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I just had a electrical inspection stated 2 hot 1 neutral and one ground needed.

I thought all of that was there.

meter box n breakerbox

Here are the inspection forms. I have no clue what is wrong or what is correct.

enter image description here

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  • That's a PVC conduit exiting out the bottom, correct? Also, what size is that grounding electrode conductor (single bare wire) that exits out the bottom of the meter-main, and is that PVC conduit run continuous to the house, or does it terminate somewhere underground? Nov 15 '20 at 20:49
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    Please consider merging your unregistered and registered accounts, which will allow you to edit, comment on any of your posts and most importantly accept an answer on your question. Thanks, and welcome to the site!
    – Niall C.
    Nov 15 '20 at 21:35
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You are being written up for a missing Equipment Grounding Conductor (EGC) which is the ground wire that goes with hots and neutrals in every circuit or feeder.

The thing between this meter-main and your house is feeder not service wire. Above the meter is service wire. Feeder requires EGC, service does not.

What I see

is 200A service coming from the top.

I see a bare wire that is part of the Grounding Electrode System which bonds the meter-main chassis itself to local grounding rods. However this is not an EGC ("ground wire") and does not go anywhere an EGC needs to go.

I see the main feeder going into the lower pipe in 3 wires. I see no ground wire (EGC), so yeah, the inspector got it right.

Fire your electrician. What were they thinking?

If the power company installed this feeder, that would be why. They follow a different codebook (NESC) and they're not used to working in NEC rules. They make this mistake all the time.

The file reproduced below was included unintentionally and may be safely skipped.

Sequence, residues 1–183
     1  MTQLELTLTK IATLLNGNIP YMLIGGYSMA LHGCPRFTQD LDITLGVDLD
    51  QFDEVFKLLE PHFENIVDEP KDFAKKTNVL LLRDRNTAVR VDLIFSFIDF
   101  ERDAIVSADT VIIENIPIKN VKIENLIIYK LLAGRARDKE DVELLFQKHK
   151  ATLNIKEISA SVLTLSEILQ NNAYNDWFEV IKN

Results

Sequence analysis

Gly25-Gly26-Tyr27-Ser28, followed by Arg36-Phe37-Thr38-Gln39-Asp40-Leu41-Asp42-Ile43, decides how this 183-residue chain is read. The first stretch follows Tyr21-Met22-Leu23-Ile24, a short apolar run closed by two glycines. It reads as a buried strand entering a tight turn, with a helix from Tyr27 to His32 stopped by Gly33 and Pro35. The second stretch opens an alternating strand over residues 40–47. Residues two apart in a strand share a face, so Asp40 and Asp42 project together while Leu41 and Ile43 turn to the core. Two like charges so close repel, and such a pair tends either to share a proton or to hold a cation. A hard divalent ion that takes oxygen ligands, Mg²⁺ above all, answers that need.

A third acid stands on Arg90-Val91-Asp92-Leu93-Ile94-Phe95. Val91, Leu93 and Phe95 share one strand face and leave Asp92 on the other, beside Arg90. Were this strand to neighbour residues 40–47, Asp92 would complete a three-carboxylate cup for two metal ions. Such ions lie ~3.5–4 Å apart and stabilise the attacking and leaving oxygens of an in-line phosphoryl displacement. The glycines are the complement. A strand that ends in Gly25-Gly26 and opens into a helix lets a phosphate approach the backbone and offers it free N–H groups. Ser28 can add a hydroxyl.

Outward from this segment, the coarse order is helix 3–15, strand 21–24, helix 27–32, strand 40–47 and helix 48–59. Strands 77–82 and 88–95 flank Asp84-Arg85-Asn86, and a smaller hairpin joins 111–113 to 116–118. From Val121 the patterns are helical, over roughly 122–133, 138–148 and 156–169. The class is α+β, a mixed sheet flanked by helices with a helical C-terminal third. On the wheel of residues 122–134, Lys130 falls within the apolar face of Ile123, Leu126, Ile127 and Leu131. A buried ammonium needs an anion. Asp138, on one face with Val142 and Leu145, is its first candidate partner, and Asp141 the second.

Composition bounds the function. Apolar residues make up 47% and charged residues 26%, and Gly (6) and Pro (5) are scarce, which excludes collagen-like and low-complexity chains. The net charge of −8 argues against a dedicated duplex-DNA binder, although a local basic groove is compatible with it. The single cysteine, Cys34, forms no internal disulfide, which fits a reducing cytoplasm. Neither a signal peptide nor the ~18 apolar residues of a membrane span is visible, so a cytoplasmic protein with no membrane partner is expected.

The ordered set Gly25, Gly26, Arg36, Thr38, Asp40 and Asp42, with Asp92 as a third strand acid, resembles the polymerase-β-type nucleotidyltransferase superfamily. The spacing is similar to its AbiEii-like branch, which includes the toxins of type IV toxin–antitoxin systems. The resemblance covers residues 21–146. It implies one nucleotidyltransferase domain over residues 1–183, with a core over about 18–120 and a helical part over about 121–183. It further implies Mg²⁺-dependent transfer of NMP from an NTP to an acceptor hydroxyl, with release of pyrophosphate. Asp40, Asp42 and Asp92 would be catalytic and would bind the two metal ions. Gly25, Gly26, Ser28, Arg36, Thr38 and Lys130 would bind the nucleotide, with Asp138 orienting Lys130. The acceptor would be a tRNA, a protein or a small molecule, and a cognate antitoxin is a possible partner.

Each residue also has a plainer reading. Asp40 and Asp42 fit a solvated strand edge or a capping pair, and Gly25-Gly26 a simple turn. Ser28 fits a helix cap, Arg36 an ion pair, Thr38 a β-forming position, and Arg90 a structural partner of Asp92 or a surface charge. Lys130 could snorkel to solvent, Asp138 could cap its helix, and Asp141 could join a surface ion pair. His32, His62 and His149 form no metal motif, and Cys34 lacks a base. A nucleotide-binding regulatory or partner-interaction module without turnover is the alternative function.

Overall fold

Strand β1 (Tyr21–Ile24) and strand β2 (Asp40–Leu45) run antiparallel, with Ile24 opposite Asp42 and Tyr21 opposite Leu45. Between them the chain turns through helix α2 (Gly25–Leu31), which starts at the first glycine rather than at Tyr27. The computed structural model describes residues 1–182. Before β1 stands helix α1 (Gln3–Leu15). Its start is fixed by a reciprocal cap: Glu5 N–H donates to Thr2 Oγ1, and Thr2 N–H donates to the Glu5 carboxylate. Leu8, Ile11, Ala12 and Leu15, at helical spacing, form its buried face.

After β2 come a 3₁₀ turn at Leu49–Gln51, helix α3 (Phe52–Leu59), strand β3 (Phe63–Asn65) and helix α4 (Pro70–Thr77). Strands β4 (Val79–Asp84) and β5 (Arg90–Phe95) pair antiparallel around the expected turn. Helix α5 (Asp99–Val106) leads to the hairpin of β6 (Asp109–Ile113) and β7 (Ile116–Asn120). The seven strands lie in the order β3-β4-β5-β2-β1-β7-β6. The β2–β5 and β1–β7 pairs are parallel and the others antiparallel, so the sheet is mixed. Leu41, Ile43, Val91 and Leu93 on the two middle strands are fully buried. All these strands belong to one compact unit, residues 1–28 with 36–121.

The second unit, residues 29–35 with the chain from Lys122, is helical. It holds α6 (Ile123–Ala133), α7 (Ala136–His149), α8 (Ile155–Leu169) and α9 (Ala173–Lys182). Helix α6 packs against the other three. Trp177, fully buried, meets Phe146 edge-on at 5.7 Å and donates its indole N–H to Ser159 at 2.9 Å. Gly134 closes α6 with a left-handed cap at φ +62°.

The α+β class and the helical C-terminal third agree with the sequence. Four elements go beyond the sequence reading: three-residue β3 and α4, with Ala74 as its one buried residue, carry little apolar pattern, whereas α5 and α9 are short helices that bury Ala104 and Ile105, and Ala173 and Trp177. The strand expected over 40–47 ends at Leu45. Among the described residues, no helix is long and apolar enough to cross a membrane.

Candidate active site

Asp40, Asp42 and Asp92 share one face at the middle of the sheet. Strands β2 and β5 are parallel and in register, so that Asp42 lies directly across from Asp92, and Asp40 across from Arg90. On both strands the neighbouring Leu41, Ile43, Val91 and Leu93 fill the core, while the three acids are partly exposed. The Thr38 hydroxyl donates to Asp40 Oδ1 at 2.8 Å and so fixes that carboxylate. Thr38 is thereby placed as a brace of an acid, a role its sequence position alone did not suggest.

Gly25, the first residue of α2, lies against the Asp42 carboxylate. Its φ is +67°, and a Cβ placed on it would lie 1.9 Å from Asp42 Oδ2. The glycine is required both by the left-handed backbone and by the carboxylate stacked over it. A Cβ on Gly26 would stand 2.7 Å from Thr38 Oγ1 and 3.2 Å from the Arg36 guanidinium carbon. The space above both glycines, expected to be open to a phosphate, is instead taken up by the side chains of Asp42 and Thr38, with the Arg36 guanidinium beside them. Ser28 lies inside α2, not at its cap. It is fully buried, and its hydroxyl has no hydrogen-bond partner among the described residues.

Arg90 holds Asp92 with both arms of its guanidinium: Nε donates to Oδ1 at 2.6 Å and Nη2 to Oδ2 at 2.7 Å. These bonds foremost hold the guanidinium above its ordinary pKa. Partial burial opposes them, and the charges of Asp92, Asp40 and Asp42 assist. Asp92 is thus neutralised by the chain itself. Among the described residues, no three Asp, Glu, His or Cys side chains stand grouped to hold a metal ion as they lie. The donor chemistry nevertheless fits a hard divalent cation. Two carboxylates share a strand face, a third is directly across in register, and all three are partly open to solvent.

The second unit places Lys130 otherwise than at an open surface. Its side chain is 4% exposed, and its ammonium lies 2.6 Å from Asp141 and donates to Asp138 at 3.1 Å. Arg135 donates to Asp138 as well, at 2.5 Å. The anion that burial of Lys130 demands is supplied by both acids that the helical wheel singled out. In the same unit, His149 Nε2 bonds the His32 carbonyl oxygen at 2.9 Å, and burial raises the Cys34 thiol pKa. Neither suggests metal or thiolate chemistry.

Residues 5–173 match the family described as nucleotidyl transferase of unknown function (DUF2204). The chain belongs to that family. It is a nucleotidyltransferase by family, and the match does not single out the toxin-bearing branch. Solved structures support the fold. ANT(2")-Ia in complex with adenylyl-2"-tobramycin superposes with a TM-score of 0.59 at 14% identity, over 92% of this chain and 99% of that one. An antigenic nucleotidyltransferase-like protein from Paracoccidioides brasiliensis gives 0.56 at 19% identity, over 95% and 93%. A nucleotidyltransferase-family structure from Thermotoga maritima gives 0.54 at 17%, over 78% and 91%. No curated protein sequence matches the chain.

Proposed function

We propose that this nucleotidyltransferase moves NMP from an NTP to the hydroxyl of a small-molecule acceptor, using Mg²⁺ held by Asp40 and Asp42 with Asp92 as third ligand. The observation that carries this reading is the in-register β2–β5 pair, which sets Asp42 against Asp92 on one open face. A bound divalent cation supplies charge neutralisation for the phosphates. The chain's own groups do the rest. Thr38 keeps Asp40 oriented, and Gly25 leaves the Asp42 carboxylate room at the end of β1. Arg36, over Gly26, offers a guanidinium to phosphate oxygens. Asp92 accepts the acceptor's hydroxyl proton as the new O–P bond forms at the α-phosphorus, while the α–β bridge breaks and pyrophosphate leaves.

Some people think that if the pole has a ground rod (GES) and the house has a ground rod (GES), they don't need a ground wire (EGC) also, because there's dirt between the two. Um... dirt doesn't conduct electricity that well :)

What to do

You will need to add an appropriate sized ground wire to the pipe. If the hot wires are exactly #2/0 Copper or #4/0 Aluminum, you can use a #6 Cu or #4 Al ground wire. (However, if the hot wires are larger than that, the ground must also be larger, forcing you to #4 Cu or #2 Al).

The added wire can't exceed conduit fill limits. The ground wire can be bare if it's copper, which helps with conduit fill. It's OK to use aluminum hots + copper ground.

You can fish just the wire if you can successfully get a fishing tape down that conduit with the wires in there. If not, you'll have to pull the 3 wires and then pull them back in with the 4th wire.

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  • "in 3 wires" is bolded, so that's important, but why? Should the main feed be a cable, not individual wires? There is a ground, but it appears to exit the box via its own hole and, presumably, goes to the ground. I presume there should also be a ground going down the conduit to whatever this is feeding?
    – FreeMan
    Nov 16 '20 at 18:55
  • @FreeMan didn't see your comment because I was doing a major edit that may address your issue. Nov 16 '20 at 19:30
  • "cable" isn't necessary, but it needs to be "4 wires" because the ground from meter-main to panel is missing. Got it. Thanks!
    – FreeMan
    Nov 16 '20 at 19:32

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